Cables are one of the most iconic knitting design elements. Many people picture braided twists of stitches when they think of knitting. They add texture, volume, and visual interest to knitted work and can dress up any project. They aren't just for sweaters, but can be a great element on gloves or mittens, a hat, or a headband. Maybe not for the sole of a sock, though.
To many beginner knitters, cabling can seem like a scary, highly advanced technique not to be attempted. Cabling, though, isn't difficult at all. If you can slip stitches, knit, and purl, you can make a cable. Half the knitting patterns out there involve cables, so letting yourself believe that cables aren't just possible, but actually pretty easy will open up a world of new project ideas for you. (Here on Craftsy, we have over 1000 patterns that feature cables.)
Reduced to its simplest terms, a cable is nothing more than a section where you work your stitches out of order. Working your stitches out of order makes them twist and braid around each other, creating that raised cable look. Say I'm working a 3 stitch cable. I would knit stitches 4, 5, and 6 from my left hand needle before coming back to knit stitches 1, 2, and 3.
When you get to the point where your cable is to start, you slip the stitches you are skipping onto your cable needle (cn), then come back to them a few stitches later. Which way your cable twists depends on where you hold your cable needle with its suspended stitches while you are working the stitches after them. For a right twisting cable, hold the cable needle behind your working needle. To twist left, hold the cable needle in front.
That's it, all there is to it; that is the heart of cabling. Once you understand the basic concept, the number of cable designs you can create seems infinite. There are some commonly used cables, like the braid cable, open cable, wave cable, and honeycomb. But there is no limit to how pattern designers can incorporate a cable element into a pattern.
You can add in a simple cable effect by twisting one stitch in front of another without even needing to employ a cable needle. You can have that effect only repeat for a small section of your overall project if you choose. Or you can make a honeycomb cable, like this honeycomb hat, where the entire fabric appears covered in cables. A cable can be a design element around a neckline, like this turtleneck. And different cable styles can be mixed and matched, like this adorable baby sweater with its multiple cable styles.
The usual practice is to knit the cable itself in stockinette stitch while knitting the background in reverse stockinette. This makes the cable stand out both visually and physically. But there are no wrong answers. Try experimenting with a different background stitch, like garter or seed stitch.
Many specific cable types cover only 8-15 stitches, so they're easily added as a panel insert to any project. A braid cable, for example, is an effect that looks like a hair braid. It is its own stripe, if you will, on your project, either vertical or horizontal. If you know how to create the braid cable, then you can easily add the cable in. If you are knitting a plain, stockinette bag, for example, you can dress it up by knitting a braid cable right down the center. Just pick out a section of your bag where you can add in a vertical panel and make your cable. Cables are often demonstrated in patterns with a chart to help you visualize the direction of the twist and which stitches go where. That chart can then help you visualize the cable as a stand-alone panel.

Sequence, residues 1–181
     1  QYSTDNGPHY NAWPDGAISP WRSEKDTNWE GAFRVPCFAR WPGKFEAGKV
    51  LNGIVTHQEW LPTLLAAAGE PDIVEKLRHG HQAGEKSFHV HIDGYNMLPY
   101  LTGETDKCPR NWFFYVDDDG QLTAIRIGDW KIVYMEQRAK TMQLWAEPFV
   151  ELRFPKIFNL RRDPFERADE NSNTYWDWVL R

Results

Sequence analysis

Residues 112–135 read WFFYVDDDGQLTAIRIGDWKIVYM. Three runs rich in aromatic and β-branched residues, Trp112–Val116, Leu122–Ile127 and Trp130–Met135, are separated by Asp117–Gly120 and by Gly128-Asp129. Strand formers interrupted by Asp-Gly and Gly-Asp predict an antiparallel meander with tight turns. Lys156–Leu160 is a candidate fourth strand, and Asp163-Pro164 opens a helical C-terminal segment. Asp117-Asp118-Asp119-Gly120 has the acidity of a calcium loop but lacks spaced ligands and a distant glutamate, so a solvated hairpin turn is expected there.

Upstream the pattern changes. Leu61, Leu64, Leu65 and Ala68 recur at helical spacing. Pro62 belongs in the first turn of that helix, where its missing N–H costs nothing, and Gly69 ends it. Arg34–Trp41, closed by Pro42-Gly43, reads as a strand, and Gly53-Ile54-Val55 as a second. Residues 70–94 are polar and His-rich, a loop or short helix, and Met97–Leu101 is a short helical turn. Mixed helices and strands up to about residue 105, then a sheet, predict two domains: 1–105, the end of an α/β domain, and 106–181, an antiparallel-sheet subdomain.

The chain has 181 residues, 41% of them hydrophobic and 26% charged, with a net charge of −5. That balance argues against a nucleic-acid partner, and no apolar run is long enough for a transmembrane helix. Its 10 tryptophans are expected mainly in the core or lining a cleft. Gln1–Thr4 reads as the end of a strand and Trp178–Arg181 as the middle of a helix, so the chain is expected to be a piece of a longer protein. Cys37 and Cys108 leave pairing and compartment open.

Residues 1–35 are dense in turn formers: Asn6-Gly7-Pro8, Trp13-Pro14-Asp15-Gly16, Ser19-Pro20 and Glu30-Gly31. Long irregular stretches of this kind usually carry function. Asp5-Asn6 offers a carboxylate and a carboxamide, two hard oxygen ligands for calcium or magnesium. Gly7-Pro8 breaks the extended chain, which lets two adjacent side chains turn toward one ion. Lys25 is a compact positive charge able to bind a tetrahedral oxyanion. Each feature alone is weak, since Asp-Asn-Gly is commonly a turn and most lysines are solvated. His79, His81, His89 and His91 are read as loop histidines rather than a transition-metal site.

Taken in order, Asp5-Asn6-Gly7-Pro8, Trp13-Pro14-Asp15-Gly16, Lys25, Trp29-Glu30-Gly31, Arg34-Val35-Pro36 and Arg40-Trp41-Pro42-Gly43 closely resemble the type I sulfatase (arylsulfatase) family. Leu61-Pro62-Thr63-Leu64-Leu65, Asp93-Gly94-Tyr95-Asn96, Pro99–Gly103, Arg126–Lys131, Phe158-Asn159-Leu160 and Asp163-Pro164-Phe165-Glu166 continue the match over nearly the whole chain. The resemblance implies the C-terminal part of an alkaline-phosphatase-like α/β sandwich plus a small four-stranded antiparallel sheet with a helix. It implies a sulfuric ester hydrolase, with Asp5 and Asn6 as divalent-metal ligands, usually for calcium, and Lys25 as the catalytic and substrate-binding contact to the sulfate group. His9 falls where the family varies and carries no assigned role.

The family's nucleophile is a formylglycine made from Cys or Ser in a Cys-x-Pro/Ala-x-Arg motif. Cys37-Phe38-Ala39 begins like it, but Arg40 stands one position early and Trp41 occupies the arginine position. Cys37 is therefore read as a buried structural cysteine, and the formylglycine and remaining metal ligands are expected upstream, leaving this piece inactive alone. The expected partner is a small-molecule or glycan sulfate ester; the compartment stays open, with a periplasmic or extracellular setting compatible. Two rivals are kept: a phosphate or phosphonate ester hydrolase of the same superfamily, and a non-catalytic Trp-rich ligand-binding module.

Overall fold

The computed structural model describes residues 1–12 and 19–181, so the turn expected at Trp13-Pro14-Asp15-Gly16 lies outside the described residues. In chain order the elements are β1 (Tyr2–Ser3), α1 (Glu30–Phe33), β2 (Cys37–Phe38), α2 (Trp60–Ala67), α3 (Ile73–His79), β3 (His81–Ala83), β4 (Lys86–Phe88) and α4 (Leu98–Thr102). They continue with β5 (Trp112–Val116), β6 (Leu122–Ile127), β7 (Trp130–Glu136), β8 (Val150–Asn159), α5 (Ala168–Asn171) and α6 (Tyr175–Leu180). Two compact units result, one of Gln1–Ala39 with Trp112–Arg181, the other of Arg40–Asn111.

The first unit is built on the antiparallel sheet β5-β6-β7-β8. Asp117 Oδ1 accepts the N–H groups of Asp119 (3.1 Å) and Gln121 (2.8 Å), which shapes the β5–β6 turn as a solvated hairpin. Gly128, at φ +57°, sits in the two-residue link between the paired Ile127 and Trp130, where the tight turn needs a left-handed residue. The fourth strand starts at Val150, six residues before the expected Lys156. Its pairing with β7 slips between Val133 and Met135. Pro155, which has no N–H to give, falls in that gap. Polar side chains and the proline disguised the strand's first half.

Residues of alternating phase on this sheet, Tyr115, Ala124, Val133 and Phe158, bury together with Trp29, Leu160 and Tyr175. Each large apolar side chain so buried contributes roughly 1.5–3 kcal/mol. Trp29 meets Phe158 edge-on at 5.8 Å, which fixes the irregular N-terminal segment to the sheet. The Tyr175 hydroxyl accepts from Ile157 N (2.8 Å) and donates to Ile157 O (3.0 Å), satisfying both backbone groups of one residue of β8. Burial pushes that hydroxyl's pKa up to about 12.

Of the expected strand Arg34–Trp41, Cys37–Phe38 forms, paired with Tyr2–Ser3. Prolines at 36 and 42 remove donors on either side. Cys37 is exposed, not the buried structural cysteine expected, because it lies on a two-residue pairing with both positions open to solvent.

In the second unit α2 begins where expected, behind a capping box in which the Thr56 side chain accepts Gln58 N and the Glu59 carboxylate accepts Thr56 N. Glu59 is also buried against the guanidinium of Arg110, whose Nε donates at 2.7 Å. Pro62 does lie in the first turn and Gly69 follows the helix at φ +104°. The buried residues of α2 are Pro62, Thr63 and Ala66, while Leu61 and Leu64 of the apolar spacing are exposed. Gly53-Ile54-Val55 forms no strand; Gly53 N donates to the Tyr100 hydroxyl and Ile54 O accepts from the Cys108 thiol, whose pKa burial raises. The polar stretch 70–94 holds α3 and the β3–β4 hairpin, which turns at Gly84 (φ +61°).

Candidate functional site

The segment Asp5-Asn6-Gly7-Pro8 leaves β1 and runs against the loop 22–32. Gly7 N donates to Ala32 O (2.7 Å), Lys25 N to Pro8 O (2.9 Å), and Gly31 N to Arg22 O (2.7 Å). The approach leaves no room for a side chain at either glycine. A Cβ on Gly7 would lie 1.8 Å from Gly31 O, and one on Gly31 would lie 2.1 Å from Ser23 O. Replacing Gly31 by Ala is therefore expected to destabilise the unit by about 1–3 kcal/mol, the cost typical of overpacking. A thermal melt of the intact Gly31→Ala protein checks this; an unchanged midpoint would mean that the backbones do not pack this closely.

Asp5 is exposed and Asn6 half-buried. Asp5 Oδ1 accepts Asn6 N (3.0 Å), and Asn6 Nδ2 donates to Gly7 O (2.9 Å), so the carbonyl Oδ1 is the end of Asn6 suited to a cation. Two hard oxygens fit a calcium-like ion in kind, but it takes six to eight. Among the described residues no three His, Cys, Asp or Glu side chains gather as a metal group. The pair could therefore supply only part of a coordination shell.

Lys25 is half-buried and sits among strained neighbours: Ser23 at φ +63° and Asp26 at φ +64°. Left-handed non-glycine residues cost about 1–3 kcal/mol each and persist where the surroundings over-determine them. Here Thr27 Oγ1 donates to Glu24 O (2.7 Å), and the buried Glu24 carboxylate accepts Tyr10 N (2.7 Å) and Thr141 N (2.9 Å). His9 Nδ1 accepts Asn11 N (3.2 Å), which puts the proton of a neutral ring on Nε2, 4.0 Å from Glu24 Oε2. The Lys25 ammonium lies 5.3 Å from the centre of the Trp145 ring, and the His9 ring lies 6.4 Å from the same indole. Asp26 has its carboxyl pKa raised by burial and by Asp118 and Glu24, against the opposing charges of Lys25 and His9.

When adding a cable panel to a project, be sure you pick a spot void of increases or decreases. You only want to add a design panel where your project maintains a consistent height and width. You will also need to think about the change in width between a cable section and a non-cabled section. Because cables involve crossing stitches over each other, they require more yarn and cover less width than the same number of stitches would without cables. If you are modifying a pattern to add a cable element to it, you will need to account for that difference by adding stitches.
As for the tools you'll need, the only new item you must have is a cable needle. There are a variety of styles of cable needles. Many knitters prefer a cable needle with a U shape to it, rather like a hook. The U helps hold the stitches on the needle and it's easy to keep it out of the way. Some cable needles look more like a flattened bell curve. I have a set of 3 bell curve shape needles in varying thicknesses. With a cable needle, you don't need to worry about having one in every needle size. You don't need a size 9 cable needle for when you are working on size 9 needles; you just want a cable needle that's close enough. It isn't necessary to have any particular type of cable needle. Strictly speaking, it isn't necessary to have a cable needle at all. I have a good friend who is an experienced knitter who often uses whatever double point needle is closest. All you're really doing is holding a few stitches off to the side for a moment, so what you hold your stitches on doesn't matter that much.
Once you try cable knitting, you'll be sorry you weren't always adding cables to your knits. Now that you know how easy it can be, if you're ready to take your knit cable skills to the next level, be sure to check out Craftsy's classes: Custom Cabled Pullovers, Creative Cabled Necklines, Celtic Cables, and Mastering Cable Design. What kind of cable is your favorite?